Although concluding that Comcast Corp. v. Behrend, No. 11-864, 2013 U.S. LEXIS 2544 (U.S. Mar. 27, 2013), did not require plaintiffs to prove individual class member damages on a class-wide basis, Judge Lucy Koh of the U.S. District Court for the Northern District of California nevertheless held in In Re High-Tech Employee Antitrust Litigation, No.: 11-CV-02509, 2013 U.S. Dist. LEXIS 4978, at *69, 87-90 (N.D. Cal. Apr. 4, 2013), that plaintiffs failed to show that antitrust impact could be shown with common evidence. It therefore denied class certification.

In Re High-Tech Employee Antitrust Litigation is a highly publicized workplace antitrust case allegedly centered around present and former CEOs of some of the largest Silicon Valley employers such as Steve Jobs of Apple and Eric Schmidt of Google. We previously blogged about this case here.

In this consolidated putative class action plaintiffs allege that seven high-tech Silicon Valley employers entered into agreements not to solicit each other’s employees. They contend that these agreements violated §1 of the Sherman Act and suppressed the wages of the putative class members below competitive levels. In this decision, Judge Koh denied plaintiffs’ motion for class certification, but told the plaintiffs that they could try again with the benefit of additional evidence obtained in discovery after the class certification hearing. There is both good and bad for employers in Judge Koh’s opinion.

The Class Certification Decision

Plaintiffs sought certification of a nationwide class of all salaried persons who were employees of any of the defendants from March 2005 through December 2009. Alternatively, they moved to certify a nationwide class of salaried technical, creative, and research and development employees who worked for any of the defendants during the same time period. Id. at 14-16. Defendants conceded that the question of whether they entered into the alleged agreements was a common issue. Id. at 27-28. But they argued that whether class members were harmed by the agreements (“antitrust impact”) and the amount of damages each class member allegedly suffered could not be demonstrated with common evidence. Id. at 21.

For purposes of the class certification motion, defendants did not contest that plaintiffs had satisfied all elements of Rule 23 (a) – numerosity, commonality, typicality and adequacy of representation.  Id.  The sole battleground was Rule 23(b)(3) – whether questions of law or fact predominated over individual issues.

Plaintiffs contended that the prohibition on soliciting employees impaired information flow about compensation and job offers, resulted in fewer opportunities to move between firms and increase salaries, and deprived the employees of information that could have been used to negotiate higher wages and benefits. Plaintiffs also argued that the anti-solicitation agreements impacted not only those employees who would’ve been recruited but rather all employees corporation-wide due to principles of internal equity. Under this theory when outside opportunities put pressure for higher wages at one place in the wage structure, firms tend to maintain the overall firm wage structure thereby rewarding all employees for the improved outside opportunities of some workers. Id. 38-42.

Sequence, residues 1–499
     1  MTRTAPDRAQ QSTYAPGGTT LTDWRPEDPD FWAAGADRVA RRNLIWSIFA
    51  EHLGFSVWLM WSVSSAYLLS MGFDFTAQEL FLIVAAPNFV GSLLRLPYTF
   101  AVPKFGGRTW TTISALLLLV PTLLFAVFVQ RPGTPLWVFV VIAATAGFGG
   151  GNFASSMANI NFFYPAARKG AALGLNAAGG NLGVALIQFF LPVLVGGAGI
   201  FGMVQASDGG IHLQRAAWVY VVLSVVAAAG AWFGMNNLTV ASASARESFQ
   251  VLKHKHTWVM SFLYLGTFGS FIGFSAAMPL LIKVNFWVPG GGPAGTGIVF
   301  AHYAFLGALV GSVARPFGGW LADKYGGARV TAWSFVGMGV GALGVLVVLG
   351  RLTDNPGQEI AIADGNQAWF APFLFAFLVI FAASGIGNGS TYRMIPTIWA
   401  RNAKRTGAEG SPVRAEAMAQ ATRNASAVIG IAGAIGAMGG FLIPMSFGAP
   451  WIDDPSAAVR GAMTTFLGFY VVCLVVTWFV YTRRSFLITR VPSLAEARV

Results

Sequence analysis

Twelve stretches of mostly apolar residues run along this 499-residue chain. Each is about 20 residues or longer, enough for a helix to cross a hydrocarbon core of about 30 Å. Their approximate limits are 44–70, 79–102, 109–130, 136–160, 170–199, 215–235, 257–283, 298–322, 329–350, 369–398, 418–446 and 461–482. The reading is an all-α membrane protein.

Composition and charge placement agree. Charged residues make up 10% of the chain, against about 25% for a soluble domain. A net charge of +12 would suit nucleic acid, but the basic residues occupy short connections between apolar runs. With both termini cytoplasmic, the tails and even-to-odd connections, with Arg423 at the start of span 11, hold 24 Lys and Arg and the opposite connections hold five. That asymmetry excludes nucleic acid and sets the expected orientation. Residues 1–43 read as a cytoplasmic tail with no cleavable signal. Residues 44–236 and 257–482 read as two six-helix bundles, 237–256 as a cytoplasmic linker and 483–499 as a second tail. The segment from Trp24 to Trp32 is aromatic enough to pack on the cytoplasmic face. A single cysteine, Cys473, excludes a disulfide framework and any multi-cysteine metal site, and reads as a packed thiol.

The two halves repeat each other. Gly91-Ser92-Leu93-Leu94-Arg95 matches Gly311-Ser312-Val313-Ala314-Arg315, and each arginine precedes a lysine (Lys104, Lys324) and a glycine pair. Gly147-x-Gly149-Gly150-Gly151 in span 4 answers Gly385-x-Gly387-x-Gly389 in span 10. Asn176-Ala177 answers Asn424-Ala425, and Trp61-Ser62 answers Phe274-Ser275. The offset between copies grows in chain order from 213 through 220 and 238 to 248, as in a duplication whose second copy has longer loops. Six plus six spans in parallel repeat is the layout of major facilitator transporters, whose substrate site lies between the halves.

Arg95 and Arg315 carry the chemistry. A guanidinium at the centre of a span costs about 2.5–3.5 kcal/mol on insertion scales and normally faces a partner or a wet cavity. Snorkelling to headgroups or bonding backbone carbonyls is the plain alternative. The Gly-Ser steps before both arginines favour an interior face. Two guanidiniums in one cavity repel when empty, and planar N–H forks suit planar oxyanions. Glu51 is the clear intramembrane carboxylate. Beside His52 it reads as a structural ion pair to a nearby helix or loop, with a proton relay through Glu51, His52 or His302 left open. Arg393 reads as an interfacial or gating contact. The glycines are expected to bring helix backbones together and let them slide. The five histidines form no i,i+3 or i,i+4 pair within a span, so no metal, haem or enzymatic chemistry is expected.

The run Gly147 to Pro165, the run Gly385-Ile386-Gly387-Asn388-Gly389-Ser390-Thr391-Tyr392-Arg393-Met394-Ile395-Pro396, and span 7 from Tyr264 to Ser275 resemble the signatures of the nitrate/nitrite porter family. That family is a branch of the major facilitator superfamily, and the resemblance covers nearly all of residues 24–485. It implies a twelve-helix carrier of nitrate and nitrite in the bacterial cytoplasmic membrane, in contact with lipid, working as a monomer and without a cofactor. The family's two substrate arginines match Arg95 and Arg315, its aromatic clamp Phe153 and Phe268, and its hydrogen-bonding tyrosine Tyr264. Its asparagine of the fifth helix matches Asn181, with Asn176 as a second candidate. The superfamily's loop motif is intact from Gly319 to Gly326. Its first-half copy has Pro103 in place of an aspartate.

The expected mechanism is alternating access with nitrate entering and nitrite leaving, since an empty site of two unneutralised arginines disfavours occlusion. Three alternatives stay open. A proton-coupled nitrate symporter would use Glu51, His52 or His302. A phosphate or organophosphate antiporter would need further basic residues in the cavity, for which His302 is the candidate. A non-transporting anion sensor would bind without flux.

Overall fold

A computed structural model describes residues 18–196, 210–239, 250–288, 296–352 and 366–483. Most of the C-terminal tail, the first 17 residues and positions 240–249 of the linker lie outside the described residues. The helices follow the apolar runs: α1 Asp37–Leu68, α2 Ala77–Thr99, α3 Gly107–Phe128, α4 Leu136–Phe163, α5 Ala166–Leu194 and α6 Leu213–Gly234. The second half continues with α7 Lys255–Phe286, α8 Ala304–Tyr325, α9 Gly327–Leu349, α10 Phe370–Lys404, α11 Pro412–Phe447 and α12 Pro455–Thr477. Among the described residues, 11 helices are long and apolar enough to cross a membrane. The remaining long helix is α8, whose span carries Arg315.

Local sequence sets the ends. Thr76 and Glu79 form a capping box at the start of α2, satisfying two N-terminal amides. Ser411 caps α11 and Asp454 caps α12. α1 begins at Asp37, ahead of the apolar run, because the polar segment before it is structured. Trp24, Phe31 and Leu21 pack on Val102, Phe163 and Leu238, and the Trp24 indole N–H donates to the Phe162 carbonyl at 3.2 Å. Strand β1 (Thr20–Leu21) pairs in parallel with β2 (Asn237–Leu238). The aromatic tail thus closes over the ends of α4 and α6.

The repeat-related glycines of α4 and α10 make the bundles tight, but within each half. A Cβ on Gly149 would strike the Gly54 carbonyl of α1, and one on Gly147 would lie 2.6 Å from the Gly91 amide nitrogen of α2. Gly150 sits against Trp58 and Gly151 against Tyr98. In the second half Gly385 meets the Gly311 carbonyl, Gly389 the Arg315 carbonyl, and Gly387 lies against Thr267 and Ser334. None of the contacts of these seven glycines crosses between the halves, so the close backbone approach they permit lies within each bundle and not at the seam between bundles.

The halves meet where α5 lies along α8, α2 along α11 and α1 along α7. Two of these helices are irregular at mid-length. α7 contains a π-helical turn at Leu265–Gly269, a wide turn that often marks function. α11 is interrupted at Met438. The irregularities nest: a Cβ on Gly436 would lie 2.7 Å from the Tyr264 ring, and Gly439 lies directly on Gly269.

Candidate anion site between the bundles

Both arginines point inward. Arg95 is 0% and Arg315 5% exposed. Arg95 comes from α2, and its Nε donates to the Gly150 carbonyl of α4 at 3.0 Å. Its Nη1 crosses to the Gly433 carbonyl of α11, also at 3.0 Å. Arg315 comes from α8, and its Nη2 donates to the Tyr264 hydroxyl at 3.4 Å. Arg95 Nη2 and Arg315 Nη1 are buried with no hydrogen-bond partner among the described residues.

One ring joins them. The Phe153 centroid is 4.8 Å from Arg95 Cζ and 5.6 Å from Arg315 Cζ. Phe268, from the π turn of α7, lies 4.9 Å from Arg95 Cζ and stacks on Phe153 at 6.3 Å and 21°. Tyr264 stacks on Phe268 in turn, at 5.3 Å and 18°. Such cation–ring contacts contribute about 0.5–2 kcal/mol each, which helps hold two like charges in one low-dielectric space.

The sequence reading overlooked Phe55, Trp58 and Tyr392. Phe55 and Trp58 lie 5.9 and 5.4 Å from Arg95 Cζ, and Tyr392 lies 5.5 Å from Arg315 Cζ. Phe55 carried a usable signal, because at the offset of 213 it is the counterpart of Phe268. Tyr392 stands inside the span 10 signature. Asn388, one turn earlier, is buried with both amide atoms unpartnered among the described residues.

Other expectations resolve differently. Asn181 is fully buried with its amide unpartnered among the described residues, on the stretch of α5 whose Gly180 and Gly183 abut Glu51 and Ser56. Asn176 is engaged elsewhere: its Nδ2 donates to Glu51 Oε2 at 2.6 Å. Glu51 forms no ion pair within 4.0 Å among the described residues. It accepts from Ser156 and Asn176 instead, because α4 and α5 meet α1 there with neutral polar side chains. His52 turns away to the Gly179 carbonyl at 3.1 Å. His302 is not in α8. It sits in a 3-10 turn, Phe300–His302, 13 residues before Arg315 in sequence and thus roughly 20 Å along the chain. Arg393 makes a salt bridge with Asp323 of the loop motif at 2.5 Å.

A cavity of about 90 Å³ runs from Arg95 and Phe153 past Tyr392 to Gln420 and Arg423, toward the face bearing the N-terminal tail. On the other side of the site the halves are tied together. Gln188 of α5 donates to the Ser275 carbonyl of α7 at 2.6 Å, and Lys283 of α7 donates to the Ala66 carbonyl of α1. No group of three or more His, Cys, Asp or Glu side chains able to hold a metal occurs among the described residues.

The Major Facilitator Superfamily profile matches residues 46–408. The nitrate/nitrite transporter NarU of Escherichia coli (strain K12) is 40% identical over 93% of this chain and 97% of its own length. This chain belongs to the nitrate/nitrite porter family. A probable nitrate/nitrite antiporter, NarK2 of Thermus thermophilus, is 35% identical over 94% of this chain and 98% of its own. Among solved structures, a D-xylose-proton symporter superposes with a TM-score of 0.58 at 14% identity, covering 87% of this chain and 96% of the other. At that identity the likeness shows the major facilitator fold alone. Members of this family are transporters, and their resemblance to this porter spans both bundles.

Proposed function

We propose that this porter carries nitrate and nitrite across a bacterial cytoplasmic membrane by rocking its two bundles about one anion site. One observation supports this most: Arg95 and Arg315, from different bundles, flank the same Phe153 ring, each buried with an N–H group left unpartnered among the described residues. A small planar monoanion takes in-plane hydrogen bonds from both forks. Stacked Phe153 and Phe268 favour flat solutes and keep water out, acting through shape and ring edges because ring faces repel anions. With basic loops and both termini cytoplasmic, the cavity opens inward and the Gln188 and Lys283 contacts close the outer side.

The Court conducted a detailed analysis of the expert reports submitted by both sides in support of their respective positions. Ultimately, it was not persuaded that the plaintiffs had shown that the effects of the anti-solicitation agreements would have spread to all or almost all employees and denied plaintiffs’ motion. However, since defendants did not produce significant amounts of discovery or make key witnesses available for depositions until after the class certification hearing, the Court gave the plaintiffs leave to amend. Id. at 86-87.

Other Key Rulings

The Court adopted a narrow view of the Supreme Court’s recent decision in Comcast. It held that the plaintiffs satisfied their burden under Rule 23(b)(3) even though the plaintiffs’ damage methodology could not provide a method of estimating damages on an individual basis. Comcast was satisfied merely because the method of calculating damages was consistent with the plaintiffs’ theory of liability. Id. at 87-90.

The Court concluded that the plaintiffs’ burden of proof at the class certification stage was only to advance a plausible methodology to demonstrate that antitrust injury can be proven on a class-wide basis. Id. at 32-33. But the Court acknowledged that even under that standard it was required to conduct a rigorous analysis. Where, as here the parties presented a “battle of the experts,” the Court reasoned that it must do more than determine whether the evidence is admissible but also must judge the persuasiveness of the evidence. The Court must also resolve in any factual disputes necessary to determine whether Rule 23’s requirements have been satisfied. Id. at 35-36.

Implications

The decision in In Re High-Tech Employee Antitrust Litigation provides a mixed bag for employers in defending class certification motions. The Court conducted a rigorous analysis of the evidence and ultimately concluded that the plaintiffs had not shown that proof of antitrust impact could be demonstrated on a class-wide basis. On the other hand, the Court took a narrow reading of Comcast and characterized plaintiffs’ burden as only having to show a plausible method of proving antitrust impact on a class-wide basis.